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Guelbenzu Red 2009
98 acres of vines planted in 1980 to 50% Cabernet Sauvignon, 20% Merlot and 30% Tempranillo, dispersed in numerous small plots encircling Cascante in the Queiles River Valley. The 7,600-foot Sierra del Moncayo rises just 20 miles to the south, its late-melting snows providing adequate moisture in the sub soils to withstand summer droughts. The vineyards lie between 1200 and 1800 feet, ripening the grapes in stages for an unhurried and perfectly timed harvest.
The modern winery maintains Don Miguel's original gravity-flow design from 1851, and is a gem of space utilization. Stainless fermentation tanks were inserted through the roof of building formerly devoted to olive oil production, while custom-made 10,000-litre Aillers oak uprights (for assemblage) fill the original cellar. Barriques are of various French oak types in which Guelbenzu's aged reds spend one full year prior to bottling, racked four times. The enologist, Yoseba Altuna, is a French educated native of Navarra with experience in a top Bordeaux Chateaux.
Known for bold reds, crisp whites and distinctive sparkling and fortified wines, Spain has embraced international varieties and wine styles while continuing to place primary emphasis on its own native grapes. Though the country’s climate is diverse, it is generally hot and dry. In the center of the country lies a vast, arid plateau known as the Meseta Central, characterized by extremely hot summers and frequent drought.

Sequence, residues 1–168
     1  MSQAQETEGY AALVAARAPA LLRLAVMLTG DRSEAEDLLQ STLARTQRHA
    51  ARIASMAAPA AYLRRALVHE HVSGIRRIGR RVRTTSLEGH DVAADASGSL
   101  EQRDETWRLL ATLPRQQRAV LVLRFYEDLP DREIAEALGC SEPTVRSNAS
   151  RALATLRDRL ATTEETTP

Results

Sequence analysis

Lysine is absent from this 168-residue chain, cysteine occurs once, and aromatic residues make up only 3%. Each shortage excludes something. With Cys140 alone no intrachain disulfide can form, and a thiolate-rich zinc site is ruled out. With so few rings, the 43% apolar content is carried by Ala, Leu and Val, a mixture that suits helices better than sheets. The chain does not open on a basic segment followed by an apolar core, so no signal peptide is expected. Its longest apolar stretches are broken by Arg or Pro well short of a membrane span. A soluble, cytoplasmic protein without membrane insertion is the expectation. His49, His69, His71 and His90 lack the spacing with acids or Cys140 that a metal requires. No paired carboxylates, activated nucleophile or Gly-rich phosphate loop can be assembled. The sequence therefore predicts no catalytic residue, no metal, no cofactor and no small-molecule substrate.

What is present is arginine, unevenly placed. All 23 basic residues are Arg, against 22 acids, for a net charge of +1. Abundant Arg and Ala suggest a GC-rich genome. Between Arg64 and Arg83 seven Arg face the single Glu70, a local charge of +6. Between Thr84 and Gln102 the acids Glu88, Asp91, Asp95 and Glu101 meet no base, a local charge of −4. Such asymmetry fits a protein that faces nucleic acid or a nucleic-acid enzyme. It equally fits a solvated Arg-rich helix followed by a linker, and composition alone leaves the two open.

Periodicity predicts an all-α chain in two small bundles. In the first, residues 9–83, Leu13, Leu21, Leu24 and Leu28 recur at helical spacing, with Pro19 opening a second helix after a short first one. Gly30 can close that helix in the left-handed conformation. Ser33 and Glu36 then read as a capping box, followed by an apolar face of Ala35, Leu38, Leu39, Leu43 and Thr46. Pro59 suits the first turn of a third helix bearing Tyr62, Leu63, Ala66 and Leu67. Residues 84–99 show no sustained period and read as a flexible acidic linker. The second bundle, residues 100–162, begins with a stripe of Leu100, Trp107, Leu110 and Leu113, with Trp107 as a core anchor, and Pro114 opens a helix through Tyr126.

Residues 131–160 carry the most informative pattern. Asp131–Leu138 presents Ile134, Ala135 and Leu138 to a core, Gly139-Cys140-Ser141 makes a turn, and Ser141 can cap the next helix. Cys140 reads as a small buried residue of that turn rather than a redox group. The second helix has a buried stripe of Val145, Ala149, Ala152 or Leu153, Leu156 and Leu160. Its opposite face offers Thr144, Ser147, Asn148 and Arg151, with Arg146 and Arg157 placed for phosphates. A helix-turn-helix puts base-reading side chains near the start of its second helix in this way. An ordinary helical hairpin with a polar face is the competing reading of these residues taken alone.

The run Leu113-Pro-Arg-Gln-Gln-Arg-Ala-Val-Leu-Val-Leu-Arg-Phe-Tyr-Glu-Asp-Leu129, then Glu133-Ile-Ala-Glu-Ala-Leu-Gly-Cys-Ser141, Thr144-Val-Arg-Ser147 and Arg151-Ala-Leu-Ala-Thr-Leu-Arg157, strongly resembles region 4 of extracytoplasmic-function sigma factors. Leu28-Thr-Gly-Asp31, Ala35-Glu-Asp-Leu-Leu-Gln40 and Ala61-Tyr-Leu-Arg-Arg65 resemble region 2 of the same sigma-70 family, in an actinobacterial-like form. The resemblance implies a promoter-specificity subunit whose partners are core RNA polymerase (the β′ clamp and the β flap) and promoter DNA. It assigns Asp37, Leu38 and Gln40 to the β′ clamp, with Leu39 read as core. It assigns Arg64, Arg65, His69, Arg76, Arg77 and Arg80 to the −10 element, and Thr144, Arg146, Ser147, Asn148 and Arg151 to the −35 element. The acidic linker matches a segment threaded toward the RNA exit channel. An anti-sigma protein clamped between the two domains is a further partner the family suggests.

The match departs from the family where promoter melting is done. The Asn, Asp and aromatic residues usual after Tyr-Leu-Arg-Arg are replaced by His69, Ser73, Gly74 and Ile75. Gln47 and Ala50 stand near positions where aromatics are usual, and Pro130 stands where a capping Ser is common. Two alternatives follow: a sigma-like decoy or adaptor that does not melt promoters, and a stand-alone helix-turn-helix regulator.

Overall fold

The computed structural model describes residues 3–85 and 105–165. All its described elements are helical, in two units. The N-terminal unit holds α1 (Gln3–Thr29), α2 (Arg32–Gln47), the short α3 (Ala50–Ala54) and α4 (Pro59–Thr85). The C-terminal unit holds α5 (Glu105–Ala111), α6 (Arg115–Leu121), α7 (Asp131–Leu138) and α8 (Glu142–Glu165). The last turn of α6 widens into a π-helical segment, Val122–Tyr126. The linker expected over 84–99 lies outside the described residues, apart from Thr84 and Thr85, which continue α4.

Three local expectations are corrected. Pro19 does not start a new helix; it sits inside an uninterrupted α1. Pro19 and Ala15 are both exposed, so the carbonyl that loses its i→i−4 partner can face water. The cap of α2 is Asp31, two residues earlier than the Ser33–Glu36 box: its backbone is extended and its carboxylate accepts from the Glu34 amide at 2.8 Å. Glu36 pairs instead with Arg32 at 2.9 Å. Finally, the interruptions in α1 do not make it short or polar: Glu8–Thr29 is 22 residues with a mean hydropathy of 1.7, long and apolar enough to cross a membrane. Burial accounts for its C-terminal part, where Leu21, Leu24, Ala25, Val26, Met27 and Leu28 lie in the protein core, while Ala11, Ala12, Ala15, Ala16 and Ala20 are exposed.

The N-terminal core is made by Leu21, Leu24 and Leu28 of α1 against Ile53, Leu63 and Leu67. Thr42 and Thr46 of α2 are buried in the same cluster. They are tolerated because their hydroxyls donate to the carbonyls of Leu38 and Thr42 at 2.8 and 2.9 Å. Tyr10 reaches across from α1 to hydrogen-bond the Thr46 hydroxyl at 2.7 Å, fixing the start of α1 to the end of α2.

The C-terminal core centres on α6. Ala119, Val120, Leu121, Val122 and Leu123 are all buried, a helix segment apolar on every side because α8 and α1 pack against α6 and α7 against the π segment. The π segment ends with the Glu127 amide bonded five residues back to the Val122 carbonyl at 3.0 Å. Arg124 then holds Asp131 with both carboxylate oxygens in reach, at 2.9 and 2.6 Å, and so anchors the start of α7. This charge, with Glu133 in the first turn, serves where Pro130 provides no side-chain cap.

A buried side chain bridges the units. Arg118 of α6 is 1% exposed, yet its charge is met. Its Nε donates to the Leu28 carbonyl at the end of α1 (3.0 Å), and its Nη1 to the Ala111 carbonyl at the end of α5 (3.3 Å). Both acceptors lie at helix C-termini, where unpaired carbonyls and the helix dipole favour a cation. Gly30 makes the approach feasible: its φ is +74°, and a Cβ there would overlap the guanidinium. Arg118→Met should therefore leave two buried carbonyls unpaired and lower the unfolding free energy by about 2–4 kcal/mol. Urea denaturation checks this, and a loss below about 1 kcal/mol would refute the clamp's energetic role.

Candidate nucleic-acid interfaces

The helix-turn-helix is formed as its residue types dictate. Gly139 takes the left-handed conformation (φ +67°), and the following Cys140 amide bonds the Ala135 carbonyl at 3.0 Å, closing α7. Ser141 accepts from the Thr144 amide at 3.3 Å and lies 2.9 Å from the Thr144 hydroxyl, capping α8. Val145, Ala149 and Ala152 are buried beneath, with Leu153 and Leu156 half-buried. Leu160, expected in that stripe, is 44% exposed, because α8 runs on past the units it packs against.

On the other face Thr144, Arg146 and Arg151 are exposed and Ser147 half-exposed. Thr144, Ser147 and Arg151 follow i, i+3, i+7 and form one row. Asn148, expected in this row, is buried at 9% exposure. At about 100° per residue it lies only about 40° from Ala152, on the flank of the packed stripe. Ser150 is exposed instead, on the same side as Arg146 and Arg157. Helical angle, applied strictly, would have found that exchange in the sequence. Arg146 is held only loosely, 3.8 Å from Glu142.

Ribera del Duero is gaining ground with its single varietal Tempranillo wines, recognized for their concentration of fruit and opulence. Priorat, a sub-region of Catalonia, specializes in bold, full-bodied red blends of Garnacha (Grenache), Cariñena (Carignan), and often Syrah and Cabernet Sauvignon. Catalonia is also home to Cava, a sparkling wine made in the traditional method but from indigenous varieties. In the cool, damp northwest region of Galicia, refreshing white Albariño and Verdejo dominate.
With hundreds of red grape varieties to choose from, winemakers have the freedom to create a virtually endless assortment of blended wines. In many European regions, strict laws are in place determining the set of varieties that may be used, but in the New World, experimentation is permitted and encouraged. Blending can be utilized to enhance balance or create complexity, lending different layers of flavors and aromas. For example, a variety that creates a fruity and full-bodied wine would do well combined with one that is naturally high in acidity and tannins. Sometimes small amounts of a particular variety are added to boost color or aromatics. Blending can take place before or after fermentation, with the latter, more popular option giving more control to the winemaker over the final qualities of the wine.